Le Morte Darthur (The Death of Arthur) by Sir Thomas Mallory was my latest project.
The book was subtitled ‘The Hoole Book of Kyng Arthur and of His Noble Knythes of the Rounde Table’. Yes, I read it in Old English, or, apparently, an early form of modern English.
It was a terrible, terrible decision.
In my defence, I thought it would be neat to hold a little piece of history in my hands, i.e. one of the earliest written and most comprehensive collections of Arthurian legends. I’m uncertain if the book was representative of how people talked back in the days, or simply how books were written, but you may rest assured that I’m really glad I wasn’t living in 1469.
You see, actually reading Le Morte Darthur wasn’t difficult – it was the content that was absolutely excruciating.
Let me give you an example of a paragraph in part one, ‘Fro the Maryage of Kynge Uther unto Kyng Arthure that Regned Aftir Hym and Ded Many Batayles’. The following excerpt is exactly as it appears in the book, but with modernised spelling (courtesy of yours truly, I’m rather wonderful like that).
And so they went home and unarmed themselves, and so went to supper. And after supper the three kings went into a garden and gave praises to Sir Kay and to Sir Lucas the Butler and to Sir Gryfflet. And then they went into council, and with them Genbaus, brother to Kings Ban and Bors, a wise clerk; and also went Ulphuns, Brascias and Merlion [Merlin]. And after they had been in their council they went to bed. And in the morning they had Masse, and to dinner [breakfast] and so to their council, and argued about what was best to do.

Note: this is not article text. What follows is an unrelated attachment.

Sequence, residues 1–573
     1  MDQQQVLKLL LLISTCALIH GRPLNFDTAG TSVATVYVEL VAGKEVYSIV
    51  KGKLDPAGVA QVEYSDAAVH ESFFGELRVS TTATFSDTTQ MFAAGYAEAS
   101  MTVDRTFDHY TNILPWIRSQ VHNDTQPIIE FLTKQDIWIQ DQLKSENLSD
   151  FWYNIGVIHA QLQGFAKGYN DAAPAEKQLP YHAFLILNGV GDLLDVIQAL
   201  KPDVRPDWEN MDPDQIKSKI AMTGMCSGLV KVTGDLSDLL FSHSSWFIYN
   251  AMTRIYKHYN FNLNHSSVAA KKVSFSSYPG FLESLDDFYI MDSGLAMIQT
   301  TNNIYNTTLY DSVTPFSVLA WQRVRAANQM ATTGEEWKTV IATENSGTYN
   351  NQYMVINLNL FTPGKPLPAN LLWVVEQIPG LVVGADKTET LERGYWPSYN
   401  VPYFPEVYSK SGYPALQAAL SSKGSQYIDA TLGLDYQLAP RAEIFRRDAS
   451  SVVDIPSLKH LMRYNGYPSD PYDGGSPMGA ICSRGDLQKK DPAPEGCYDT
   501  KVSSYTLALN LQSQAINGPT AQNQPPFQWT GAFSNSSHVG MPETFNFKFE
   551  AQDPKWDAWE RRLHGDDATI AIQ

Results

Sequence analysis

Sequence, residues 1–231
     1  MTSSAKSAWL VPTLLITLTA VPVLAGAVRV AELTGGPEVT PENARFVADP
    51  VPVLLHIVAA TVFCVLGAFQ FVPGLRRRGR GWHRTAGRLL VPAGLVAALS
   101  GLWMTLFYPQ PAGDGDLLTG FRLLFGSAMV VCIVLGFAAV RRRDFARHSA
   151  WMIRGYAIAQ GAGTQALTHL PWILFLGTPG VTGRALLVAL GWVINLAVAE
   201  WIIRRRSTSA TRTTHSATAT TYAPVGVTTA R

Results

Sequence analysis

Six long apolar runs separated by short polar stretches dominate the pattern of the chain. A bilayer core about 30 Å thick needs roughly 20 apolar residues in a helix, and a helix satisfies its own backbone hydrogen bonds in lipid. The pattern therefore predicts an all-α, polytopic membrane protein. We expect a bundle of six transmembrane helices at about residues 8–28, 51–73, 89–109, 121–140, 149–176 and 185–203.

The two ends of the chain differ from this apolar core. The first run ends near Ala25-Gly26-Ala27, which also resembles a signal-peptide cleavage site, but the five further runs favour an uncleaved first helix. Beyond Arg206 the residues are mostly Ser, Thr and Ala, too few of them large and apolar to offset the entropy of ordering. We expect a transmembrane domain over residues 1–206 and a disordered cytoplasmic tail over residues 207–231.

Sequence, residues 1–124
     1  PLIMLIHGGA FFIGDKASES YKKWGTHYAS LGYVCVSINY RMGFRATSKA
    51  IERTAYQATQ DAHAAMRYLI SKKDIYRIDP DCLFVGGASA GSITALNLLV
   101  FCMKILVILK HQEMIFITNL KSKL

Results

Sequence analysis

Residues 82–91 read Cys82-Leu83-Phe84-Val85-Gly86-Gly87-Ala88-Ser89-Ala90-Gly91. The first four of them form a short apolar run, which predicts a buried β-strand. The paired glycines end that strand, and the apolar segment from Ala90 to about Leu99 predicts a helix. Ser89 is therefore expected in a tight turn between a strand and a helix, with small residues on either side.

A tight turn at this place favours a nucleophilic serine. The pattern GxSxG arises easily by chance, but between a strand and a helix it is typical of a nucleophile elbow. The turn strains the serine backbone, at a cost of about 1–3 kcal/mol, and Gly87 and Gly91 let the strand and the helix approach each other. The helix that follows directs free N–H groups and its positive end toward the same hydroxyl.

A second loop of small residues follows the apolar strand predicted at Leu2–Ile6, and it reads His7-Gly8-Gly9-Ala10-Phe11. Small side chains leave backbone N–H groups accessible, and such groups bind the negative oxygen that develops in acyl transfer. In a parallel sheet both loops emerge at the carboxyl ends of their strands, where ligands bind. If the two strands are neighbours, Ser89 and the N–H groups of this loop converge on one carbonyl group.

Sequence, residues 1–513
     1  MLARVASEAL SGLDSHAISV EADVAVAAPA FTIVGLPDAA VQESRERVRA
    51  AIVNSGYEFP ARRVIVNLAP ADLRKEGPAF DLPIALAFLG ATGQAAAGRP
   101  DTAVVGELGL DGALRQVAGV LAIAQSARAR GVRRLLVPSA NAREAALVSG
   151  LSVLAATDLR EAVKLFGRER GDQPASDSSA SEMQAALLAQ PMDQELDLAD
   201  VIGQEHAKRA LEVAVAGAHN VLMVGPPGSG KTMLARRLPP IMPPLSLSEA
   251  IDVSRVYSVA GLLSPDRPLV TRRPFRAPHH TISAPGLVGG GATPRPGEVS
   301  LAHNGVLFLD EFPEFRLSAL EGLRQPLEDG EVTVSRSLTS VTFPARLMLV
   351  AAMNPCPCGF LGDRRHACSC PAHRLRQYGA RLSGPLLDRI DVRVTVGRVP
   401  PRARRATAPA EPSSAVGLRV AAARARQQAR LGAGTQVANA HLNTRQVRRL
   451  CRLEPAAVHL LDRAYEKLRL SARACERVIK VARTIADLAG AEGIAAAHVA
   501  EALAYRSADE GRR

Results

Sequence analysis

You probably hate me now, right? I mean, it was like reading a story written by an eight-year-old – “and then this happened, and then this, and oh! What do you mean the details of how often meals are served aren’t vital to the tale?”
I don’t know about Malory, but when I read a book, it’s mandatory for there to be some character development or, at the very least, characterisation. Also a few setting descriptions wouldn’t go amiss, and, while we’re at it, I prefer my plot to be more than a bullet pointed war chronology that happens to be written out in prose form.
I admit I only read about one third of part one and gave up – The Death of Arthur indeed. From now on, I’m going to stick to Wikipedia for my Arthurian legends, and to BBC’s Merlin for my regular hit of shenanigans committed by a prince and his secretly-a-sorcerer manservant.
Fun Fact: Sir Thomas Malory, or, at least, the man that academics seem to agree on as being the most likely to have written Le Morte Darthur, was actually a criminal. He went to jail a bunch of times, for stealing, raping, extortion etc. What I want to know is: how is it possible for a man steal 335 sheep in one day?!